The Death of Ramon Gonzalez has become a benchmark book since its publication in 1990. It has been taught in undergraduate and graduate courses in every social science discipline, sustainable and alternative agriculture, environmental studies, ecology, ethnic studies, public health, and Mexican, Latin American, and environmental history. The book has also been used at the University of California-Santa Cruz as a model of interdisciplinary work and at the University of Iowa as a model of fine journalism, and has inspired numerous other books, theses, films, and investigative journalism pieces.
This revised edition of The Death of Ramon Gonzalez updates the science and politics of pesticides and agricultural development. In a new afterword, Angus Wright reconsiders the book's central ideas within the context of globalization, trade liberalization, and NAFTA, showing that in many ways what he called "the modern agricultural dilemma" should now be thought of as a "twenty-first century dilemma" that involves far more than agriculture.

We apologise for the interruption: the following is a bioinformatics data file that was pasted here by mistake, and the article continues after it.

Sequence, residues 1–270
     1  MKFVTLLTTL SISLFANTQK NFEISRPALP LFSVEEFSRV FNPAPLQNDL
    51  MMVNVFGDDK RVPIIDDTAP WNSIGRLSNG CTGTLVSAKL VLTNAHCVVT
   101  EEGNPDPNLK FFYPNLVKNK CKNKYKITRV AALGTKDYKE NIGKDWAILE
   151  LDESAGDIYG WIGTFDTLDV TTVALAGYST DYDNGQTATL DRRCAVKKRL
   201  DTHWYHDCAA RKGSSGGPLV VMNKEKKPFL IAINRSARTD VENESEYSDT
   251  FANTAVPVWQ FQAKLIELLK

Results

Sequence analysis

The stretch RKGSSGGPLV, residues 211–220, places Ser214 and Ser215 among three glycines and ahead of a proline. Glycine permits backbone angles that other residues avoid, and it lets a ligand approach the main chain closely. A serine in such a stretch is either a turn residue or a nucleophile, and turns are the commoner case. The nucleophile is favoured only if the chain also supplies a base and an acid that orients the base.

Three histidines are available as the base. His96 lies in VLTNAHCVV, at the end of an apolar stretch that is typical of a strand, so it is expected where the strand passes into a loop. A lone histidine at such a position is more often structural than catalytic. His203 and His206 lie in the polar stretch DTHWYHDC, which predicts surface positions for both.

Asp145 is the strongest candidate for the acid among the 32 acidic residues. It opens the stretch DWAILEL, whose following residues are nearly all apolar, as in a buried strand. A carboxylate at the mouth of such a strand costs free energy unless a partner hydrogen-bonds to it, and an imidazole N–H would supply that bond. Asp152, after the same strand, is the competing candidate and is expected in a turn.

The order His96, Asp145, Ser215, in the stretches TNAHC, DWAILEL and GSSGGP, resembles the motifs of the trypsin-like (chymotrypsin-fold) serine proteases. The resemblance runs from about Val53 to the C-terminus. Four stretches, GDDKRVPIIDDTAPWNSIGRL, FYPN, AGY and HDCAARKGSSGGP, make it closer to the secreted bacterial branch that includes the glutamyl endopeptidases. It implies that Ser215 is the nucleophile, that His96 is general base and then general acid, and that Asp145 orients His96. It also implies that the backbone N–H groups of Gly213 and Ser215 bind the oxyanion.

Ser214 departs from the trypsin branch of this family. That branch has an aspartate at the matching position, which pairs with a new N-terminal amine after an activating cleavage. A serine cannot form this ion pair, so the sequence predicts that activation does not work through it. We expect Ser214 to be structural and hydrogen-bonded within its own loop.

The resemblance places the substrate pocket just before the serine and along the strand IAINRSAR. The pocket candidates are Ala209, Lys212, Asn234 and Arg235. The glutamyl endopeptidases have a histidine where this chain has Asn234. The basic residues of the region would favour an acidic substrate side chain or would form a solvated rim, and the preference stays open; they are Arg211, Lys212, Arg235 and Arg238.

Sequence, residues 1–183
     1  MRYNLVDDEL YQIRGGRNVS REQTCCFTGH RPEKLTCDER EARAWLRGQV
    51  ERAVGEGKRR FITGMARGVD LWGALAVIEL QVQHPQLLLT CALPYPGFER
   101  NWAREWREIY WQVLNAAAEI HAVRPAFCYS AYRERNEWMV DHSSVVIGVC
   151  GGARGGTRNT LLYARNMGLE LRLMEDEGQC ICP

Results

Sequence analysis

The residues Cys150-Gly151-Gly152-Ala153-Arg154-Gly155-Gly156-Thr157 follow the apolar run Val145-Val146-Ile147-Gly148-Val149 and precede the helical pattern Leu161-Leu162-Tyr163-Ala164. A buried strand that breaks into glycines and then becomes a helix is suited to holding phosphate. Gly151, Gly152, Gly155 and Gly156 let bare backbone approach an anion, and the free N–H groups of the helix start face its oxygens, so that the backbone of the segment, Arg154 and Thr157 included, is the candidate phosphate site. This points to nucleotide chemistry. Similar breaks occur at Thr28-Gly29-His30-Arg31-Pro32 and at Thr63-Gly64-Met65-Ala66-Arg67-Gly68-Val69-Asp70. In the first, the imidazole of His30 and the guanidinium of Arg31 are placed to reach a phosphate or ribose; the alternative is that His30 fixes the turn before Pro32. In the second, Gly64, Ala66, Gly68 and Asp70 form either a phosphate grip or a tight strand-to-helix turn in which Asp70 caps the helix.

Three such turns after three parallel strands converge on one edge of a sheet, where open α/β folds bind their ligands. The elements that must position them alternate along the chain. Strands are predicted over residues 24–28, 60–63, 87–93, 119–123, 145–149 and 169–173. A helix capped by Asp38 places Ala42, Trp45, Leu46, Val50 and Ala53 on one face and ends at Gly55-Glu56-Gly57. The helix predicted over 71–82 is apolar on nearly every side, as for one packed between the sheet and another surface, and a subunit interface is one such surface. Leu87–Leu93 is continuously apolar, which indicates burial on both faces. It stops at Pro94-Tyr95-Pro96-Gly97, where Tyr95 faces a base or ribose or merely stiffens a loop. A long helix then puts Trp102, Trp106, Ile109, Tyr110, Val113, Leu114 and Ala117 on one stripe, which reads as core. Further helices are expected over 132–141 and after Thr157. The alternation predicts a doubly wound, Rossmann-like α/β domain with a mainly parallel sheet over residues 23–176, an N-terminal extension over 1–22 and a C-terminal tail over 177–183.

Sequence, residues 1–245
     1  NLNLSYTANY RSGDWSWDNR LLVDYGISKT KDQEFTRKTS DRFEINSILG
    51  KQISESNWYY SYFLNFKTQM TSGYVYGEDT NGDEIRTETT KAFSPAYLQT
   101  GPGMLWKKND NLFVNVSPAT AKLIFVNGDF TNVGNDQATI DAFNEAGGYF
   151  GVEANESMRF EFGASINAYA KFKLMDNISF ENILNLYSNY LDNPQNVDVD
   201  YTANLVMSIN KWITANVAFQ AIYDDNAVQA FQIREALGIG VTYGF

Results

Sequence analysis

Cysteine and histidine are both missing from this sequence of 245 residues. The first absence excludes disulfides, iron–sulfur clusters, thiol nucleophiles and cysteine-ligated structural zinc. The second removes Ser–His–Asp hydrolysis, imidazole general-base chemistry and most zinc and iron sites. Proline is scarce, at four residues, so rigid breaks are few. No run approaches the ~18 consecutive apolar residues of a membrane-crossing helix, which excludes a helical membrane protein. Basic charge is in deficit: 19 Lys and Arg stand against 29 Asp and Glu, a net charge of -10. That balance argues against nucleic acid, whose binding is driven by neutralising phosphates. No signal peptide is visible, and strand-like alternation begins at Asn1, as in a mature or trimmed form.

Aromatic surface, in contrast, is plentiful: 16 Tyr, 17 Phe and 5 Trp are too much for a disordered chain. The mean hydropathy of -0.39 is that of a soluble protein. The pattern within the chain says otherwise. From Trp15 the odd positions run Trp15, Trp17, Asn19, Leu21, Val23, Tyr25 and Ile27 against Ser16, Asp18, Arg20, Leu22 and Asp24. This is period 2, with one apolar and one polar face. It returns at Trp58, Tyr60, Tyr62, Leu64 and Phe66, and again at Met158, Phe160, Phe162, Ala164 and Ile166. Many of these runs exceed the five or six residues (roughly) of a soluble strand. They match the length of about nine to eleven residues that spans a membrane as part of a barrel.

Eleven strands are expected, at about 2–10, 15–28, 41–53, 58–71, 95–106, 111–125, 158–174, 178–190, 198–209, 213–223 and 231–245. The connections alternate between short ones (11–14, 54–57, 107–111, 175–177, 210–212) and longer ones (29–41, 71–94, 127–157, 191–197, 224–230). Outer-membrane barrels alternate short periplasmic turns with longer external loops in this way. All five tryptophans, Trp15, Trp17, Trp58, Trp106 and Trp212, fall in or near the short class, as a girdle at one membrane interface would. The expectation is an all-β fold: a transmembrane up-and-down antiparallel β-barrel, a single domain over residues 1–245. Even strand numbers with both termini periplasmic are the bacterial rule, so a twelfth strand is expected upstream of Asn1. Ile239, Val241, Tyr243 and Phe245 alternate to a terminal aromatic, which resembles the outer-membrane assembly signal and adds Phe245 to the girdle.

ANGUS WRIGHT is Professor Emeritus of Environmental Studies at California State University, Sacramento.
Acknowledgments Introduction: Mexico and the Pesticide Crusade 1. The Death of Ramon Gonzalez 2. The Road to Culiacan 3. Doctors and Bureaucrats 4. Going Home 5. King Eight Deer, the Plagues, and the Devastation of the Land 6. Technology and Conflict 7. Consumers, Workers, Growers, and Experts 8. Theory and Consequences 9. The Modern Agricultural Dilemma 10. Points North Afterword: The Death of Ramon Gonzalez and the Twenty-first Century References Index